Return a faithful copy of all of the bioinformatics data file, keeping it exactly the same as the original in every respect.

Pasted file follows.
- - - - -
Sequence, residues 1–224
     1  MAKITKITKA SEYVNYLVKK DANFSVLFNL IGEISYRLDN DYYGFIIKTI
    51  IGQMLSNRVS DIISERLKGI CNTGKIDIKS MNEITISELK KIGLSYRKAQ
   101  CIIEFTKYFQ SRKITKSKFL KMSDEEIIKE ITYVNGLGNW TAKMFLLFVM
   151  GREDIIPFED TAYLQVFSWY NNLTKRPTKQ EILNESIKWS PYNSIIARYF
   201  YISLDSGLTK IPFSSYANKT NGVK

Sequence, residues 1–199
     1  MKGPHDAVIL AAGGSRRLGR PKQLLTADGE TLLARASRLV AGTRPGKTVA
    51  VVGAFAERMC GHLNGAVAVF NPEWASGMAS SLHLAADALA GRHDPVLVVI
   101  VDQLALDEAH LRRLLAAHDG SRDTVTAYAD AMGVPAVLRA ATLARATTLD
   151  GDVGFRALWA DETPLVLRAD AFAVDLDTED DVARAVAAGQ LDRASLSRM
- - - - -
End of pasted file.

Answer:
Sequence, residues 1–224
     1  MAKITKITKA SEYVNYLVKK DANFSVLFNL IGEISYRLDN DYYGFIIKTI
    51  IGQMLSNRVS DIISERLKGI CNTGKIDIKS MNEITISELK KIGLSYRKAQ
   101  CIIEFTKYFQ SRKITKSKFL KMSDEEIIKE ITYVNGLGNW TAKMFLLFVM
   151  GREDIIPFED TAYLQVFSWY NNLTKRPTKQ EILNESIKWS PYNSIIARYF
   201  YISLDSGLTK IPFSSYANKT NGVK

Sequence, residues 1–199
     1  MKGPHDAVIL AAGGSRRLGR PKQLLTADGE TLLARASRLV AGTRPGKTVA
    51  VVGAFAERMC GHLNGAVAVF NPEWASGMAS SLHLAADALA GRHDPVLVVI
   101  VDQLALDEAH LRRLLAAHDG SRDTVTAYAD AMGVPAVLRA ATLARATTLD
   151  GDVGFRALWA DETPLVLRAD AFAVDLDTED DVARAVAAGQ LDRASLSRM